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Preview: Equine Nutrition News

Equine Nutrition News

The latest information on equine nutrition from Equine Science Update.

Published: Fri, 28 Dec 2007 01:07:41 +0000

Last Build Date: Fri, 28 Dec 2007 01:09:10 +0000

Copyright: Equine Science Update

New threat to horses' teeth.

Fri, 28 Dec 2007 01:07:41 +0000

A new species of bacteria threatens horses' teeth. Research from Sweden implicates a previously unknown bacterium in the development of tooth decay (caries) in horses.

Insulin and laminitis.

Fri, 28 Dec 2007 01:06:30 +0000

Work at the University of Queensland has shown that prolonged high levels of insulin can induce laminitis..

Does tryptophan calm horses?

Sat, 1 Dec 2007 20:21:01 +0000

Research suggests that a single dose of tryptophan has no calming effect on horses....

Equine Nutrition -Free Teleseminar.

Tue, 24 Jul 2007 00:54:21 +0000

What would you ask an Equine Nutritionist? Nutrition is the basis of all health in any animal, whether a pasture ornament or a high- performance champion.

You now have the opportunity to ask Dr. Eve Finkelstein, Equine Nutritionist, your deepest most burning questions about your best friend's nutritional and diet issues, and hear the answers LIVE on August 1st, 2007 (8pm Eastern, 7pm Central, 6pm Mountain and 5pm Pacific).

Feeding behavior.

Tue, 24 Jul 2007 00:42:57 +0000

When horses are kept in a group, competition for food and the herd social hierarchy conspire to make feeding time a potentially dangerous affair. Which is the safest way to feed groups of yearlings turned out at pasture? A study at Pennsylvania State University investigated how horses responded to three different feeding systems.

Horses choose multiple forages in different locations.

Wed, 25 Apr 2007 22:11:08 +0000

Not only do horses like a choice of forage, it appears they prefer to find their food in different places.

Preference for water bowls.

Thu, 29 Mar 2007 13:03:20 +0000

Given a choice of four different automatic water bowls, horses in a study at Texas A&M University showed a clear preference for drinking from one particular model.

Preference for silage.

Wed, 29 Nov 2006 01:37:04 +0000

Research carried out at the Swedish University of Agricultural Science in Uppsala found that when horses were offered hay, two different haylages and silage, they preferred the silage.

Underlying causes of laminitis.

Fri, 6 Oct 2006 01:08:42 +0000

Recent work has shed light on some of the underlying causes of pasture-associated laminitis. Workers at the Virginia Polytechnic Institute and State University, have identified a prelaminitic metabolic syndrome in apparently healthy ponies.

More nutrition research available.

Wed, 23 Aug 2006 22:26:59 +0000

Laminitis, insulin sensitivity, and the influence of nutrition on respiratory health are among the topics covered in the Equine Research Digest published by the Waltham® Equine Studies Group.

Contaminated hay causes colic.

Mon, 27 Feb 2006 23:07:21 +0000

The importance of checking hay to ensure it does not contain poisonous plants was emphasized recently. A group of horses started to show signs of colic after being fed on lucerne hay containing a high proportion of thorn apple (Datura stramonium). One horse died after its stomach ruptured.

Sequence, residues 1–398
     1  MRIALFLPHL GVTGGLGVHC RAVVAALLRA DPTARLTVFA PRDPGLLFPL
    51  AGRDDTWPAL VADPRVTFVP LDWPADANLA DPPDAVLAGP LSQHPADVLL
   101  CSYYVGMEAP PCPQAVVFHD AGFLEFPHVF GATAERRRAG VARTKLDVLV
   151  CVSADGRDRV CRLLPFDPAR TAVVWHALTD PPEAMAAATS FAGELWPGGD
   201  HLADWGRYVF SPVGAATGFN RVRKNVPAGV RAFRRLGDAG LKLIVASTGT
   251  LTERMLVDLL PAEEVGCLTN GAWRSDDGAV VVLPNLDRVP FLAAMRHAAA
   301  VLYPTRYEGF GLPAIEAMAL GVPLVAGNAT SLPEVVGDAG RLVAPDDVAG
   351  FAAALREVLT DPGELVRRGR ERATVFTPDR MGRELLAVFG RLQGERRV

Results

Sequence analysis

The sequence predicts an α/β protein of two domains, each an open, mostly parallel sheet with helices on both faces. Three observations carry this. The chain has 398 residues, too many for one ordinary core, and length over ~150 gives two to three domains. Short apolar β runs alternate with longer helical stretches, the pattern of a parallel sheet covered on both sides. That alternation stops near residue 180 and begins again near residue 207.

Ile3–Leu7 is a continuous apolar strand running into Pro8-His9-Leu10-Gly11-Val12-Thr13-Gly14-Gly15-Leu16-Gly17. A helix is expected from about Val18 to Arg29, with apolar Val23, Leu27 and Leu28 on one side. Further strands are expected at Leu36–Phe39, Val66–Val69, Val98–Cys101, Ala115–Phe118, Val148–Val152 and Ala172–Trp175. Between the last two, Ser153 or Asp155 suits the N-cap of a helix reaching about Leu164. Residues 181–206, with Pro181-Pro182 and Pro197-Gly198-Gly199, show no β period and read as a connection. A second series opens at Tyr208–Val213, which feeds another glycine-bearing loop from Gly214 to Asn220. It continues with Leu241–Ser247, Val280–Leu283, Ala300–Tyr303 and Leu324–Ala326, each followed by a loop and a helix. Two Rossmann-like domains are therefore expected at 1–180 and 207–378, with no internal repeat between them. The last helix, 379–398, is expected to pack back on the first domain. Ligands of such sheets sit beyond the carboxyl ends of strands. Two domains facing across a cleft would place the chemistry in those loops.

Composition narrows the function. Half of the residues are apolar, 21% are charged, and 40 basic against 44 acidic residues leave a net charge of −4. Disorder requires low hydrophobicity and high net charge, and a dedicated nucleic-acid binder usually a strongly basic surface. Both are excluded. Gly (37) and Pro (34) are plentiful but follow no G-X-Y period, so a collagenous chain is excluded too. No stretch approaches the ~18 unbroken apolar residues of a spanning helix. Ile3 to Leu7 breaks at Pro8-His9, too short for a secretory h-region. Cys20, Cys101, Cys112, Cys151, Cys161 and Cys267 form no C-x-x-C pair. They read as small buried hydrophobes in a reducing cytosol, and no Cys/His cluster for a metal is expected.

Favorite flavors.

Wed, 25 Jan 2006 22:24:47 +0000

Many horses are partial to an occasional mint. But what other flavors would they prefer if they had the choice? A recent study carried out at Southampton University’s Equine Behaviour Centre, by Dr Debbie Goodwin and colleagues, looked at the preference of horses for various different flavors.

Chaff slows eating.

Fri, 2 Dec 2005 23:02:44 +0000

A study confirms that adding chopped straw to concentrate feed makes horses eat it more slowly.

Pasture mineral supplements needed.

Fri, 2 Dec 2005 23:00:30 +0000

Mineral levels in pasture may be insufficient to supply the requirements of growing foals.

Hair analysis for plant toxins.

Fri, 2 Dec 2005 22:58:35 +0000

Hair analysis can identify past exposure to plant toxins such as the pyrrolizidine alkaloids (PAs) found in ragwort, according to Dr Mark Dunnett formerly of the Royal Veterinary College, London..

Variability in pasture nutrient composition.

Sat, 29 Oct 2005 01:12:01 +0000

Growing horses raised only on pasture grasses as the main food, without any supplementary minerals, are at increased risk of developmental orthopedic disease because of the low mineral content...

Variation in nutrient composition of foodstuffs.

Sat, 29 Oct 2005 01:07:07 +0000

To formulate suitable diets for horses, nutritionists need to know the composition of the individual foodstuffs. The danger of relying on standard values was highlighted recently...

Exhaled gases reveal gut activity.

Mon, 24 Oct 2005 01:01:54 +0000

Contrary to popular belief, fermentation of starch and fructan starts before they reach the hind gut of the horse. Research shows that fermentation starts soon after the food leaves the stomach. This may be involved in causing laminitis.

Assessing colostrum quality.

Mon, 24 Oct 2005 00:58:54 +0000

Mares foaling for the third time make the best colostrum donors, according to a recent study. Simple field tests can be used to assess colostrum quality.

Health effects of poor feed hygiene.

Fri, 7 Oct 2005 22:19:14 +0000

Colic, coughing and liver damage were among the most common problems found in horses being fed poor quality feed.

Fructan levels in grass.

Thu, 6 Oct 2005 19:07:14 +0000

Results of a three year study in Germany confirm that fructan levels in the pasture vary throughout the year. Certain species of grass are more likely to accumulate high levels, and so are less suited for inclusion in horse pasture.